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What Is QAnon and How Does It Affect LGBTQ People?


The newest right-wing conspiracy theory is stoking homophobia among some believers.

After Donald Trump supporters held up "We Are Q," "Where we go one, we go all," and "#QAnon" signs at his Tuesday campaign rally, the country is wondering who these people are and for what are they advocating.

The short answer? QAnon is a political conspiracy theory, whose overarching message is that the president's erratic acts are planned parts of a covert fight against the so-called "deep state."

What is QAnon?

According to Vox, QAnon is a far-right conspiracy theory that started on sites like 4chan in October 2017 and has since garnered thousands of believers. It is sometimes referred to as "the Storm." QAnon knits together various other conspiracy theories to draw often wacky links between unrelated events.

What are QAnon's (debunked) theories?

1) The Russia Investigation is a fake cover story for Robert Mueller and Trump, who are actually working to expose that top Democrats are secret Satan worshippers running a global child sex trafficking ring. The assailants, of course, include Hillary Clinton, a la Pizzagate.

2) The GOP intentionally lost Roy Moore's bid for Jeff Session's Alabama Senate seat to reveal that voting machines are under the control of George Soros, the Rothschilds, the Illuminati, or whoever best fits your personal prejudices.

3) The CIA put North Korea's Kim Jong Un into power.

4) Hillary Clinton and Senator John McCain are secretly under arrest and wearing ankle monitors.

5) There has never been a scandal in Trump's White House. Every firing, leak, and trade war has all been a part of the president's plan.

Who supports it?

Roseanne Barr has tweeted her support for the conspiracy theory, claiming, "President Trump has freed so many children held in bondage to pimps all over this world. Hundreds this month. He has broken up trafficking rings in high places everywhere. notice that." Alex Jones has also pushed the theory.

But more mainstream conservatives like Sean Hannity have spewed QAnon nonsense as well.

How did QAnon get its following?

During an October 5, 2017 military dinner, Trump said the event was "Maybe the calm before the storm." When a reporter asked, "What storm, Mr. President?" Trump answered, "You'll find out."

Though most would interpret the interaction as typical Trump nonsensical-speak, an anonymous user on 4chan, who claimed to be a high-level government informant, called it a reference to a larger plan.

"HRC extradition already in motion effective yesterday with several countries in case of cross border run. Passport approved to be flagged effective 10/30 @ 12:01am. Expect massive riots organized in defiance and others fleeing the US to occur," the user wrote. "US M's will conduct the operation while NG activated. Proof check: Locate a NG member and ask if activated for duty 10/30 across most major cities."

Followers nicknamed the user "Q" after the Department of Energy's Q-level security clearance for top-secret information.

The misspelled posts continued adding phrases to 4chan that have been the basis of all these theories. Claims include that Trump was on a mission to take down Clinton and her co-conspirators, and he was intentionally ignoring intelligence agencies to protect the public.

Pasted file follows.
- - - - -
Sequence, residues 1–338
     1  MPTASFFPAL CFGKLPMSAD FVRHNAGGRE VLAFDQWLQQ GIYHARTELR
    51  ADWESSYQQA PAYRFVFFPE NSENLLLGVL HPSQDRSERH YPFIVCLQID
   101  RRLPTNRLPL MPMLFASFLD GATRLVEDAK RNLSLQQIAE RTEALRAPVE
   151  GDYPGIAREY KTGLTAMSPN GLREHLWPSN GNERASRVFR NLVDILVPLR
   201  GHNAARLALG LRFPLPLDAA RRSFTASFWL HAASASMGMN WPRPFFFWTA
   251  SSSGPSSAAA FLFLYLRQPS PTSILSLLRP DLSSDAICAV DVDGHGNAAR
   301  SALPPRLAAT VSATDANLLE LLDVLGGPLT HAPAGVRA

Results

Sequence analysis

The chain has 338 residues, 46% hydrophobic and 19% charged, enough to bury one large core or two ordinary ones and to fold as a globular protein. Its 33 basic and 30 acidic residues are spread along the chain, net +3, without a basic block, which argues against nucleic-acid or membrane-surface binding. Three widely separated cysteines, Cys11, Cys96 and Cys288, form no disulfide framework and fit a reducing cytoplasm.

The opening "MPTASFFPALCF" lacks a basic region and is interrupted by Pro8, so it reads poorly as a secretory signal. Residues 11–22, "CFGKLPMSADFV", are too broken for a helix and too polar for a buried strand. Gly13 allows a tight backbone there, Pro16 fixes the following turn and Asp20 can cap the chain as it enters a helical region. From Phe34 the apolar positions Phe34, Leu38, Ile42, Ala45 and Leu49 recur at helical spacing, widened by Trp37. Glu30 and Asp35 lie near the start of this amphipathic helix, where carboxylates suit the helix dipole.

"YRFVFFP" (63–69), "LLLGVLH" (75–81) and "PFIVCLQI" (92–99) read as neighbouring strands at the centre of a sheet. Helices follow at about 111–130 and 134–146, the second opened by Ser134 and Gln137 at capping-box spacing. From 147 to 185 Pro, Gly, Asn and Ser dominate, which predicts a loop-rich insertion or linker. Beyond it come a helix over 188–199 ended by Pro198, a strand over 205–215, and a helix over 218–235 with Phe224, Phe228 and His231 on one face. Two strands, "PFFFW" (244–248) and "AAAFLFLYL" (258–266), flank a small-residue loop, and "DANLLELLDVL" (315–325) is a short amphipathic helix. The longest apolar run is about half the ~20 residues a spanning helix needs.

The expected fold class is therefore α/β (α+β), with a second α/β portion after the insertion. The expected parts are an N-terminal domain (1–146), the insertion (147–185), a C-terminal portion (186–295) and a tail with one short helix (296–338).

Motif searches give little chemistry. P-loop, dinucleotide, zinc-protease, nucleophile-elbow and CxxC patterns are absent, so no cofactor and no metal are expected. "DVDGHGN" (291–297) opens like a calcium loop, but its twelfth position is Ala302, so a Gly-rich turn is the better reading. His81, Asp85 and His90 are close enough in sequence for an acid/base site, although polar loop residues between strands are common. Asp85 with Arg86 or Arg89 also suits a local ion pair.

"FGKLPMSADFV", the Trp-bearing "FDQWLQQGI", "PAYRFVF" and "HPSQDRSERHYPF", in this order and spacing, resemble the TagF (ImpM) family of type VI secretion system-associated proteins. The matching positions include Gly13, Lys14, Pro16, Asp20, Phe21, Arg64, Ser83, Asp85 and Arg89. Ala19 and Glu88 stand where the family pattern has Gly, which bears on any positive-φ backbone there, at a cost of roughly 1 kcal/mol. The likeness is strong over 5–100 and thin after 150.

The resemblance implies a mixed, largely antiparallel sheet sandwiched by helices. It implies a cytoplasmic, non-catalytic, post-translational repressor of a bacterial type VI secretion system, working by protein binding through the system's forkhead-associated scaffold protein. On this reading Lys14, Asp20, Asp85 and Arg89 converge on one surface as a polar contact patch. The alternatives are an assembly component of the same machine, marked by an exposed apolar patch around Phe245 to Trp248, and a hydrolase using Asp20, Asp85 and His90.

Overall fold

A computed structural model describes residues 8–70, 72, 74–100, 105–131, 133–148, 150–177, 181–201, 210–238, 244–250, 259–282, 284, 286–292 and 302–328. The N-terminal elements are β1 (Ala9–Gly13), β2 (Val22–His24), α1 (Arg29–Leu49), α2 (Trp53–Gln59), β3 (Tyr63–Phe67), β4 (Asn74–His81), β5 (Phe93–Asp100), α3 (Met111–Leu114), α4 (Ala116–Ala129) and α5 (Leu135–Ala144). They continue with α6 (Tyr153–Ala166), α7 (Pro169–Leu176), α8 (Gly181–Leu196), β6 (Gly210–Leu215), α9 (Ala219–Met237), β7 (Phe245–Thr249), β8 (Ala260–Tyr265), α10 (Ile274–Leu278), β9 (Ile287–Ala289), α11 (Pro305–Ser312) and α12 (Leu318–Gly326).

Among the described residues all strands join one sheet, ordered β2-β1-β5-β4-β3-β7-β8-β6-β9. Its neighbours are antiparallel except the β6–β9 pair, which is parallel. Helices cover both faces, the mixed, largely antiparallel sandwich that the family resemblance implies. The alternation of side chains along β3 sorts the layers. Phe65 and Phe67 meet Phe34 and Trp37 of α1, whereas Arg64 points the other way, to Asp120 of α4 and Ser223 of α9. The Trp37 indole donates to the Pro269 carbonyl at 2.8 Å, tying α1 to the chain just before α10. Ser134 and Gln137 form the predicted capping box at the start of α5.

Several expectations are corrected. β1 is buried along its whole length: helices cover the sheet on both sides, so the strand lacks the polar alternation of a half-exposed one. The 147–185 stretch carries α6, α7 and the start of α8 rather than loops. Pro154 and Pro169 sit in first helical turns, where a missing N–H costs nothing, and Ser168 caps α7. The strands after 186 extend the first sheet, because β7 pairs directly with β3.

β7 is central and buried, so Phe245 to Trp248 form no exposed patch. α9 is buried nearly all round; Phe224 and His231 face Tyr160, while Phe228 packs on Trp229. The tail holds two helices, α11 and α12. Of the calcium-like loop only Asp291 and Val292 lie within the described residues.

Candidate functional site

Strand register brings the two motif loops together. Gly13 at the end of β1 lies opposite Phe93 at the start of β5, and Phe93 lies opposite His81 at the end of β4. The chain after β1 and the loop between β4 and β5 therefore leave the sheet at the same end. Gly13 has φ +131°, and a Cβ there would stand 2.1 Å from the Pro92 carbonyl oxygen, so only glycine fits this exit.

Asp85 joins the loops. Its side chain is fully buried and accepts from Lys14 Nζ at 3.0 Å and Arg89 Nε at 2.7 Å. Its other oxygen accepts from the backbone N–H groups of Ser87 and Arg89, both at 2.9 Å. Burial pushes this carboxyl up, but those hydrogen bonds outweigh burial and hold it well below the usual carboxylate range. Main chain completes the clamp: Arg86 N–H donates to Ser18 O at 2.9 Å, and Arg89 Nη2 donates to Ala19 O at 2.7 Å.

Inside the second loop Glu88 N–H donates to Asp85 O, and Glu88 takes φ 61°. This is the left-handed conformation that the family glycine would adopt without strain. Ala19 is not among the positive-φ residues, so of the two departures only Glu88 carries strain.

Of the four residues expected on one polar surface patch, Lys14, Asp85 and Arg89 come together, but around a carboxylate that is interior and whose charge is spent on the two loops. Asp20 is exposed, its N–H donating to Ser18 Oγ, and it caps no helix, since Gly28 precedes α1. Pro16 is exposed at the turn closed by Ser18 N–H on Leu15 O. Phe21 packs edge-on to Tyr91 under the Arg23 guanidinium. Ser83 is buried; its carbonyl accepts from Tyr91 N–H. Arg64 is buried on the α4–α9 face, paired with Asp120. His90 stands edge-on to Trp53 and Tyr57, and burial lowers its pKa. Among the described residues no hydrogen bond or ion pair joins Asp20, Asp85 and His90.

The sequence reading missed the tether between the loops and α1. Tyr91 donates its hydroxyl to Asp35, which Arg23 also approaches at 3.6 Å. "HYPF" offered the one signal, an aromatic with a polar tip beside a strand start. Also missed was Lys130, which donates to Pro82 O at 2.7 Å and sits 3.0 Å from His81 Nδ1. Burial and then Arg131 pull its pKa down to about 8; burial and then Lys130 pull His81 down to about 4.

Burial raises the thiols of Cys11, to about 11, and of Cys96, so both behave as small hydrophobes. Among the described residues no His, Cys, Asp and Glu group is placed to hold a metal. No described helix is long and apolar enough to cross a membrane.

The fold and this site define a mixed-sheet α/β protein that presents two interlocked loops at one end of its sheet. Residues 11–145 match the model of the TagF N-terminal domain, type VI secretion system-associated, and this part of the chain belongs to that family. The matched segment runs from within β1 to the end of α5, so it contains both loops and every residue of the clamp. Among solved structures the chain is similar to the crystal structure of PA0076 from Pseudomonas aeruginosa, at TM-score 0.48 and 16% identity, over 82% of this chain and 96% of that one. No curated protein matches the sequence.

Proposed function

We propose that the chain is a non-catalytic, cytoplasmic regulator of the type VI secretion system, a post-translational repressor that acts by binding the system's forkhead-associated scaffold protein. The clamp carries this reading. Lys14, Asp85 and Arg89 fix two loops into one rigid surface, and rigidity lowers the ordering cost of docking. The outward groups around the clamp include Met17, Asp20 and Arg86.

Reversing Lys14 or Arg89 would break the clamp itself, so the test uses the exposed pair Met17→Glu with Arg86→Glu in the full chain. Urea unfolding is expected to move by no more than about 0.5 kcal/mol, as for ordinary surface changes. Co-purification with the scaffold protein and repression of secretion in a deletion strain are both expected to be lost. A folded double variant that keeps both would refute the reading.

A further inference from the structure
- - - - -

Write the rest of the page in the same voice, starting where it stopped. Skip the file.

"Do you believe HRC, Soros, Obama etc have more power than Trump? Fantasy," Q wrote. "Whoever controls the office of the Presidecy [sic] controls this great land. They never believed for a moment they (Democrats and Republicans) would lose control. This is not a R v D battle."

QAnon followers went on to spread misinformation that Huma Abedin (former Clinton staffer and wife of Anthony Weiner) was secretly working for the Muslim Brotherhood. Now that Batt tweet makes sense, right?

Who Is Q?

The 4chan user Q has tried to prove it has real intel, posting pictures that its followers claimed were taken on Air Force One. Some believe it's Trump and other's think its John F. Kennedy, Jr. (who they claim faked his 1999 death.)

Even though Q has made claims that the Emergency Broadcast System would go off in November - which it didn't, as it was replaced by the Emergency Alert System in 1997 - Q's followers remain loyal.

How can QAnon affect the LGBTQ community?

Actually, a number of LGBTQ people, mainly gay men, believe in this conspiracy theory. They preach that Roseanne and Trump are there to protect queer people.

In humorous posts, some have interpreted the name to refer to closeted gay people.

But there are also homophobic portions of the conspiracy theory crowd.

There are even people who claim that same-sex marriage is part of the Satanic new world order being created by Q and Trump's enemies. Many are calling to repeal it.

Long story short, not only is QAnon crazy, it's homophobic, and could be dangerous.

Why Should You Worry?

QAnon is no longer just on 4chan. It's in the real political world, with its followers showing their stripes at rallies. The more exposure this group receives, the more people who might become convinced of its disturbing conspiracies.

Conspiracy theories can have dangerous consequences. Experts worry that, like in the instance of Pizzagate, violence or the threat of it might result from QAnon. Already, an armed man with a suspected affiliation with the group was arrested for blocking a bridge over Hoover Dam with an armored vehicle.

When the crazy people on Twitter start showing up at rallies, it stops being a tweet and becomes a potential nightmare.

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